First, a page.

New Fun Blog – Scott Bilas

Take what you want, and leave the rest (just like your salad bar).

Gem: An Automatic Singleton Utility

with 2 comments

From Game Programming Gems
Hardcover, Charles River Media, August 2000
Edited by Mark DeLoura

Introduction

This gem presents an easy and safe method to provide access to a C++ class singleton while retaining control over when it is instantiated and destroyed.

Definition

A singleton is an object that only has one instance in a system at any time. Some common examples of singletons in games are managers for texture maps, files, or the user interface. Each is a subsystem that’s generally assumed to be available once the game has started up and will stay in existence until the game shuts down.

Some of these subsystems may be implemented using global functions and static variables. An example of this would be a memory manager’s malloc() and free() functions. These types of subsystems are not “singletons” in that they don’t have their functionality encapsulated into a class and can’t be represented using a single instance of that class. There’s no reason a memory manager like this couldn’t be converted into a class and used as a singleton, but this isn’t common.

An example of a singleton is a texture map manager. It may be called TextureMgr and would have methods such as GetTexture() and UseTexture(). Its purpose would be to find texture maps in the file store, convert them to system graphics objects, make them available to the rasterizer(s), and own them until they are no longer needed, at which point it deletes them. Only one instance of TextureMgr will be needed in the system so this class would naturally be used as a singleton.

Advantages

What’s the point of singletons? First they provide conceptual clarity, as labels are very important. Calling a class a singleton and following a naming convention (such as -Mgr, -Api, Global-, etc.) relates important details about how we intend that class to be used.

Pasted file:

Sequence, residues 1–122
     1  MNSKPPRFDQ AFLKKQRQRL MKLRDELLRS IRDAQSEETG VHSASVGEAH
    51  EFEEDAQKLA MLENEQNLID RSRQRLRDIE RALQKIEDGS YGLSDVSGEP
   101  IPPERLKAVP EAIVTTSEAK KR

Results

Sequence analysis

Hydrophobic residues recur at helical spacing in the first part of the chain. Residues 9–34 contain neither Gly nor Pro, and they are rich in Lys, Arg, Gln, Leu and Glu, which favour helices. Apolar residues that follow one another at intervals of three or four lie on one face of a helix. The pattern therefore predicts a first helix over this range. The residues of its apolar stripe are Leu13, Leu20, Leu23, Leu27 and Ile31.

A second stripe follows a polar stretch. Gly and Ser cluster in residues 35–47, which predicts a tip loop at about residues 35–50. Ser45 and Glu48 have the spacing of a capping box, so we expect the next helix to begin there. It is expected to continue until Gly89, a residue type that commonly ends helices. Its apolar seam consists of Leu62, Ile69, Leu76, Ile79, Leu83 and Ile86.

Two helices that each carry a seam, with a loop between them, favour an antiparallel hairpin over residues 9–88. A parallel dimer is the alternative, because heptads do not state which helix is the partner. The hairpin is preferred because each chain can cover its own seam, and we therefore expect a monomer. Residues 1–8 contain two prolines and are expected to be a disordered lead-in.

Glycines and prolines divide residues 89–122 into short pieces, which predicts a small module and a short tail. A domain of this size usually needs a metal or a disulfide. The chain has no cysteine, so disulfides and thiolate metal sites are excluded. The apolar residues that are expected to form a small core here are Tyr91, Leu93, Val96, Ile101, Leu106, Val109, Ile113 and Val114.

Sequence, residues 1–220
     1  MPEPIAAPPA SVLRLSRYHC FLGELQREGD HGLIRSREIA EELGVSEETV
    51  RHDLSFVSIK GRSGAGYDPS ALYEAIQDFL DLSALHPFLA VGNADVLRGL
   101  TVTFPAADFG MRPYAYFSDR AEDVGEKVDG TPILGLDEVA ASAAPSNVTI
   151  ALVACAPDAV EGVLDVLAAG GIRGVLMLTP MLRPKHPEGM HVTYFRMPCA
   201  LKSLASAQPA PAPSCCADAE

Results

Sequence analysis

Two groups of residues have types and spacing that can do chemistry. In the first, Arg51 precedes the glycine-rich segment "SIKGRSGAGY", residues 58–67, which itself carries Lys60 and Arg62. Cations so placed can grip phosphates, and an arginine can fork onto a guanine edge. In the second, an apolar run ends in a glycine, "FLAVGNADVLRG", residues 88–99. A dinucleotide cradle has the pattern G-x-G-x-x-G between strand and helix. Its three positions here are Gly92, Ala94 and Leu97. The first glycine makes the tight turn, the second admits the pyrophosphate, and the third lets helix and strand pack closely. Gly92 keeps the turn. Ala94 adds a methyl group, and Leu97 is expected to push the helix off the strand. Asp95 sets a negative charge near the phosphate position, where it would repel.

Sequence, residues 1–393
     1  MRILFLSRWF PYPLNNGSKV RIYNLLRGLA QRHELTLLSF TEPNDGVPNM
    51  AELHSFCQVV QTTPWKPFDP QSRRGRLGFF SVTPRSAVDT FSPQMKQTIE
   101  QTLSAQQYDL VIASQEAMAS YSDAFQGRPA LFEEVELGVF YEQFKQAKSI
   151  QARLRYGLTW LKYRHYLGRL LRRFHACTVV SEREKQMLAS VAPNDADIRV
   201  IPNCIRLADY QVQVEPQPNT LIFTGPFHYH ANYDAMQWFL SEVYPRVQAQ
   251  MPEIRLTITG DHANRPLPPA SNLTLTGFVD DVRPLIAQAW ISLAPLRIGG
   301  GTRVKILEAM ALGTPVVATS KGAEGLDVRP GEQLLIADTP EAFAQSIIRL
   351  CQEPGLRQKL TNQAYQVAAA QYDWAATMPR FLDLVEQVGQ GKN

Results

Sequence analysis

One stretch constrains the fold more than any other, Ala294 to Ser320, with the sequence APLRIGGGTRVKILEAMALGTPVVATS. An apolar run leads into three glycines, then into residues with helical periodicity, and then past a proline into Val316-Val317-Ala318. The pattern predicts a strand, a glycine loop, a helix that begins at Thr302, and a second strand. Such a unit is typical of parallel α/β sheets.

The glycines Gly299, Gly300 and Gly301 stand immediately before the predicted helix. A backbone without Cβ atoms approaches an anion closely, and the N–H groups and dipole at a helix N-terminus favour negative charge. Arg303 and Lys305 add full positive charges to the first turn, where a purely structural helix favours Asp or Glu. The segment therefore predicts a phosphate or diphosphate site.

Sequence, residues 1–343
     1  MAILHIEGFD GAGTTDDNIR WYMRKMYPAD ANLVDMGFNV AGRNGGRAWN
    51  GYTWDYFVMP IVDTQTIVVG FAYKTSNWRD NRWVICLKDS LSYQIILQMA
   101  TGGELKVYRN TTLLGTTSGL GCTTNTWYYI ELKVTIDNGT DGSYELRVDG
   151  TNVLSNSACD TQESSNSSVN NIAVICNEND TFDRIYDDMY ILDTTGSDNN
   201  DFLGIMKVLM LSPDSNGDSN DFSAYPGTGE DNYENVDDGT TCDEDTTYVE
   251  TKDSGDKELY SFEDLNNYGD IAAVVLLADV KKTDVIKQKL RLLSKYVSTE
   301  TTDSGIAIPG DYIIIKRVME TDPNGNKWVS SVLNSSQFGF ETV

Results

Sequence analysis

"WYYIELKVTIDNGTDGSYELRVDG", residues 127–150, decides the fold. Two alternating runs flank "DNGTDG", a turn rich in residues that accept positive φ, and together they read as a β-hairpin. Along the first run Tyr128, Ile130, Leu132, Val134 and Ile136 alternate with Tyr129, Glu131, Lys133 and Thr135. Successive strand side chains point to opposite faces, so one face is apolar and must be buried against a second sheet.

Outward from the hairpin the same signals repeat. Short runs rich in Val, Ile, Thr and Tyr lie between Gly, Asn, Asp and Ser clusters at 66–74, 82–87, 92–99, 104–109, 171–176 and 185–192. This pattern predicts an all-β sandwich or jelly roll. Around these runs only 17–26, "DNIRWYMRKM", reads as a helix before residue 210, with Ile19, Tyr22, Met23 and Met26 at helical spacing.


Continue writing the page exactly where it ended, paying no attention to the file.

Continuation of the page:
Singletons also provide notational convenience. Every object in a C++ system must be owned by something. The ownership pattern of these objects depends on the game, but often resembles a multi-level hierarchy, where each higher level owns a set of child objects, each of which in turn may own child objects. Each object publishes a set of functions to access its children. For example, to get at the TextureMgr instance, you may need to call a sequence of functions such as GetApp()->GetServices()->GetGui()->GetTextureMgr(), where each function returns a pointer to the requested child object. This is inconvenient and not exactly efficient, considering the multiple dereferences. Singletons can solve this problem because they are treated as global objects.

The Problem

Well then why not just use global objects? They are certainly convenient – the TextureMgr object could be accessed through a g_TextureMgr object reference that has been declared with external linkage at global scope (or within a namespace), or perhaps through a function that returns a reference to that object instead. However, the construction and destruction order of global objects is implementation dependent and generally impossible to predict in a portable manner.

There are workarounds to all these problems, but what we really want is a way to have the convenience advantage of treating a singleton like a global object, without the inconvenience of losing control over when and where it gets constructed and destroyed.

Traditional Solution

The textbook solution to managing a singleton usually looks something like this:

[code lang="cpp"]
TextureMgr& GetTextureMgr()
{
static TextureMgr s_singleton;
return s_singleton;
}
[/code]